Mr. Alline had the honor of being the first marshal of the town of LeMars after its incorporation. He served in the office under the administration of C. P. Woodard and A. A. Lawrence. He also served as mayor of the city in 1893 and 1894 and was always active in the counsels of the republican party. He held the office of justice of the peace for more than twenty-five years. His regular return at each election to this important position is regarded an evidence in which people held him, being assured of his honor and integrity, his knowledge of law, and a square deal regardless of personal predictions.

Mr. Alline was a member of the G. A. R. and was several times commander of Mower Post and was always active in seeing that the survivors of the Civil War conflict, when in need, and the widows of those who sacrificed their lives, were awarded some measure of compensation from a grateful people. Mr. Alline was a member of the Masonic fraternity.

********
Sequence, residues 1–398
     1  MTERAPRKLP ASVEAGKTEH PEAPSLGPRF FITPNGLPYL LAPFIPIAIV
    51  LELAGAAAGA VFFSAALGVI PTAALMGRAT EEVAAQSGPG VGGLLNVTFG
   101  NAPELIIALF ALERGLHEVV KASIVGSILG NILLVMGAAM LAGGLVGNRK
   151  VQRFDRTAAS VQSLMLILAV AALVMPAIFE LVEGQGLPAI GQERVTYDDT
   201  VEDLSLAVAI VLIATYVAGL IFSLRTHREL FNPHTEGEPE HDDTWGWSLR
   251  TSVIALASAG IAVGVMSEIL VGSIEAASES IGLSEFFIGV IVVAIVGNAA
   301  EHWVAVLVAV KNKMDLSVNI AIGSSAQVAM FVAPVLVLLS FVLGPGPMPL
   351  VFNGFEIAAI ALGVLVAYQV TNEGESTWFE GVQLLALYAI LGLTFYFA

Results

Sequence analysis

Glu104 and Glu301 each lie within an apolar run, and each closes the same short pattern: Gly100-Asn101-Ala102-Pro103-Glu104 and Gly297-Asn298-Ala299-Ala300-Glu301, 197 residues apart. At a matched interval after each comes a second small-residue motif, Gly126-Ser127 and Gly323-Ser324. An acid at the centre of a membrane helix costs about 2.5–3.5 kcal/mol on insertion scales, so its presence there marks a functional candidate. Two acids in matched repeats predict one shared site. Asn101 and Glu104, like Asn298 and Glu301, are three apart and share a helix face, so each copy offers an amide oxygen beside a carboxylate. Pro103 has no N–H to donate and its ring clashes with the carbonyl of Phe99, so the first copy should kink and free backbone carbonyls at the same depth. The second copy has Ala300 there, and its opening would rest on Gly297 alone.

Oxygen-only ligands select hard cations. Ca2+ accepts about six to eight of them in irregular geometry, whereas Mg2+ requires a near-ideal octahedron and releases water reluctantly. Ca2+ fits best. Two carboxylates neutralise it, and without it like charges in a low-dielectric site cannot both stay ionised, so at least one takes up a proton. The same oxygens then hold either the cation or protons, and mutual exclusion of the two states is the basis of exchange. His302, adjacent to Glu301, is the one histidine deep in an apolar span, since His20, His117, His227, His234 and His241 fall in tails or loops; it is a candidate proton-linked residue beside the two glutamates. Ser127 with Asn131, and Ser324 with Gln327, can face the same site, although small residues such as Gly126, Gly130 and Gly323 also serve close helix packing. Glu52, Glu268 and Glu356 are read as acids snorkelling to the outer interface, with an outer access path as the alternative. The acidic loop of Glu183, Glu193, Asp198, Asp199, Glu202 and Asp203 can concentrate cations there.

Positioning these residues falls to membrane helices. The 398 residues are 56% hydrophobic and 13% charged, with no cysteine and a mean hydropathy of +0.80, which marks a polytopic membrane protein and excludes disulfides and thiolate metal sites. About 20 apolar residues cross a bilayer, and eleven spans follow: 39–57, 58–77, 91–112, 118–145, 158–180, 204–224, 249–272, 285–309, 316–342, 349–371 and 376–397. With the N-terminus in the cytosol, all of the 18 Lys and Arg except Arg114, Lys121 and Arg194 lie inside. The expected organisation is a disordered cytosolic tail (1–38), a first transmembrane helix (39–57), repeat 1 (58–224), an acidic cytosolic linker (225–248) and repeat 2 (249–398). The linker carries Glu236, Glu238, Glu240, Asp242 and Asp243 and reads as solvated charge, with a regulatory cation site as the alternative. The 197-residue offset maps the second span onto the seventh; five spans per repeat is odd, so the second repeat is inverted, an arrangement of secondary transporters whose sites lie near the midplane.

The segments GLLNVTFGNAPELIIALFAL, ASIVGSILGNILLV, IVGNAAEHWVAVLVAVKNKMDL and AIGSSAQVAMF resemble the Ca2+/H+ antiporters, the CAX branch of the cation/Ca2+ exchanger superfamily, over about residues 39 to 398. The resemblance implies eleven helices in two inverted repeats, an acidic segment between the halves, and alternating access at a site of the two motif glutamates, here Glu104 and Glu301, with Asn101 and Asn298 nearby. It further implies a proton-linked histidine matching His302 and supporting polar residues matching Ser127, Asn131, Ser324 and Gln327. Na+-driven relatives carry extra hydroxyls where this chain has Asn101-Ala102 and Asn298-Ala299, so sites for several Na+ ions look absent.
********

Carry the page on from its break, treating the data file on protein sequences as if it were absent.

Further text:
The life of Squire Alline is a part of the history of LeMars. He was a strong virile man. He was respected by friends and enemies alike on account of his fearless and outspoken attitude on all questions.

One of the tributes, often heard to his character, is the fact that in his official capacity, he was absolutely four square, and in the court of justice, impartial and cool-headed, and in early tempestuous days, was never swerved by the clamor of the mob, or by those who attempted fro their own ends, to thwart or direct the path of justice. Well informed and up with the times the squire could discourse on various subjects and was a pleasant social comparison. In the pioneer days he was a true sportsman and enjoyed hunting and fishing in those days.

Mr. Alline is survived by the children of his first wife. They are Ernest Alline, of Marion, Mrs. Bertha Fellows, of Northampton, and Mrs. Percival Wraight, of New Orleans, La., and by his devoted wife.

The funeral was held on Saturday from the late home and was attended by members of the G.A.R., W.R.C., the American Legion, and by the members of the Masonic fraternity.

At the home Rev. A. W. Miles conducted a brief Episcopal service, and at the grave side the Masons paid honor to his memory.